Such sanctuaries reduce hunting opportunities and deer management. In contrast, voluntary sanctuaries that hunters create on lands they own or lease can improve hunting and local herds through habitat work and deer-harvest prescriptions. To reap maximum benefits, hunters should plan this management carefully. Whenever possible, they establish the sanctuaries toward the center of the property in tough terrain.
But if effective sanctuaries were as easy as posting “Do Not Enter!” or “No Trespassing” signs, everyone would be doing it. Good sanctuaries are an endless work project if you want them to become a whitetail green zone. Grant Woods establishes sanctuaries on his steepest terrain. “You can’t get a food plot in there anyway, and the land’s only use is timber production,” he said. “But it’s very important for sanctuaries to function as natural-food sources, too.”
To produce cover and food, Woods creates a patchwork of openings in his sanctuaries by felling swaths of red cedar trees and burning them. The cedars had grown so thick on the hillsides that nothing could grow beneath them. Annual spring burns keep the sites open and regenerate native leafy plants that provide abundant, nutritious food at a critical time for deer. By exposing the ground to sunlight, the cuts also generate thicker cover.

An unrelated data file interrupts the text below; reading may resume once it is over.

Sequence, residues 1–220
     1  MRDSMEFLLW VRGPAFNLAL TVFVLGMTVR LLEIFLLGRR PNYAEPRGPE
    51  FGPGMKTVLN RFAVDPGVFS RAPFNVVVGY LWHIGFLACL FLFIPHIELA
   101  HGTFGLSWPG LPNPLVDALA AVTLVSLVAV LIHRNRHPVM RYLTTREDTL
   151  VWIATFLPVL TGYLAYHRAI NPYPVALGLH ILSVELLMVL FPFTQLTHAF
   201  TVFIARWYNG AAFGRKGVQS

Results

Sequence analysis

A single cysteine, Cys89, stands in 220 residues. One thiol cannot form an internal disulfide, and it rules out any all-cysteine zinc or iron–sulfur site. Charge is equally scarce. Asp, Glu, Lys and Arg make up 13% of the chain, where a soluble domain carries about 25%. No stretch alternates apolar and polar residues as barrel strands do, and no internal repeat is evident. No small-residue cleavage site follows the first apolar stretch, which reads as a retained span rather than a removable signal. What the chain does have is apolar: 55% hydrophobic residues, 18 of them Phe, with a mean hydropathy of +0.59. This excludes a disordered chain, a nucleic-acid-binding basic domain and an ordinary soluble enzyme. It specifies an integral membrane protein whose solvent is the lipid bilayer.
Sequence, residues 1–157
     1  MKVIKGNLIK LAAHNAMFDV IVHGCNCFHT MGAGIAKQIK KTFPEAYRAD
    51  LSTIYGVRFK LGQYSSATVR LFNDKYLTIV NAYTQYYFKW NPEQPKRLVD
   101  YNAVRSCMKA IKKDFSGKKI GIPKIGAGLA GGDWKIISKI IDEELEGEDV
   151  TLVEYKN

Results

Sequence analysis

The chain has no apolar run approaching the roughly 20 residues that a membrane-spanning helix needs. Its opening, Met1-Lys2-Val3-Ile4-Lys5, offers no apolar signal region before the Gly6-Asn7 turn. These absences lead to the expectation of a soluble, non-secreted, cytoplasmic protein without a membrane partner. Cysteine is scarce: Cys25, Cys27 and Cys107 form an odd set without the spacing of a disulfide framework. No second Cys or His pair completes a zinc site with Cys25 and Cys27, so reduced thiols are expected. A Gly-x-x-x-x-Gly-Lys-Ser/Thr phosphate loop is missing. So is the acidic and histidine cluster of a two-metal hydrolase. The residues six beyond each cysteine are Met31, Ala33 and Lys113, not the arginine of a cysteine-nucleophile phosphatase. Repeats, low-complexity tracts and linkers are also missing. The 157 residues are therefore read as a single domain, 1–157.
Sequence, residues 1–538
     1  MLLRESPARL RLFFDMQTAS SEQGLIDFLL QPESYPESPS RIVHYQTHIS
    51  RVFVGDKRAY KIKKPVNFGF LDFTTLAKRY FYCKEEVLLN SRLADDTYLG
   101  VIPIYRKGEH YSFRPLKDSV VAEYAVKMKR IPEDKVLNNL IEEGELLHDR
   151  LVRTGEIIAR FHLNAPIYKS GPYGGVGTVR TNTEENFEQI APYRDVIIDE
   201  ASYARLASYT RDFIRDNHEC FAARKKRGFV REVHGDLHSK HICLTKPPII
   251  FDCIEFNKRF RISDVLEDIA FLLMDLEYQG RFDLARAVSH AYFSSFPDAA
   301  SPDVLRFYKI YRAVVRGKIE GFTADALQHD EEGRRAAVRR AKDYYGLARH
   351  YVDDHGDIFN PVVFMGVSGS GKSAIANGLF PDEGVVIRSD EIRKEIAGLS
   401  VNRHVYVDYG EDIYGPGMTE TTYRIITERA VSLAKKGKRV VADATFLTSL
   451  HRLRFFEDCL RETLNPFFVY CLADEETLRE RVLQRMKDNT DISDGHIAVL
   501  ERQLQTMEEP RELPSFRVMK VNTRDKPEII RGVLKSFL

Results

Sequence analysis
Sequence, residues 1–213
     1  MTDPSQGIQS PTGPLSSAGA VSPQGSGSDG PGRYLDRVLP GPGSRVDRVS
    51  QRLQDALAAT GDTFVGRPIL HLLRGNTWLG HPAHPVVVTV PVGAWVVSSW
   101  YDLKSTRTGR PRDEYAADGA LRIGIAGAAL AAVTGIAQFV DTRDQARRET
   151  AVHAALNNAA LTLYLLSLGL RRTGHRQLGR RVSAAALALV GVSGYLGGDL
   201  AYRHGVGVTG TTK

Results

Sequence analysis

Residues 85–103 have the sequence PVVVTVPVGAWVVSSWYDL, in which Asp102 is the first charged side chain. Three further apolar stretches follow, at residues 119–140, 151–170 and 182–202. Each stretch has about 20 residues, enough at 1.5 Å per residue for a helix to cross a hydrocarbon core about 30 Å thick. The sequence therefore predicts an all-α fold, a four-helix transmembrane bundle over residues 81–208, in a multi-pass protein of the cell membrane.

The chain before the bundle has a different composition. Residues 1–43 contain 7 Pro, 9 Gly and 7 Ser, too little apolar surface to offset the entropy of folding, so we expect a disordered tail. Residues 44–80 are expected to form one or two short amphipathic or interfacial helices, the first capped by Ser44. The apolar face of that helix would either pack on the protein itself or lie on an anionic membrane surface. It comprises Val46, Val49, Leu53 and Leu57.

These habitat improvements further increase the likelihood that deer won’t need large home ranges to meet their needs. To verify the land’s holding power on deer, Woods compares trail-camera photographs of bucks when talking deer with neighbors.
“Of all the bucks I’ve photographed on my property, I’ve only seen one of them show up on a neighbor’s trail camera,” Woods said. “That’s significant because older bucks tend to travel less, probably because they spend most of their time where they find the best habitat.”
Mickey Hellickson, Ph.D., of Orion Wildlife Management Services in Texas, reports similar results on property he manages in Iowa. “Midwestern deer tend to have fairly small home ranges,” Hellickson said. “We photograph most of our mature bucks at only two or three of our camera sites. Whether they’ve always stayed close to home, we don’t know. They might have reached maturity because they’ve never moved much. Maybe they’ve always been lazy or timid. Either way, the better habitat you provide, the more reasons they have to stay.”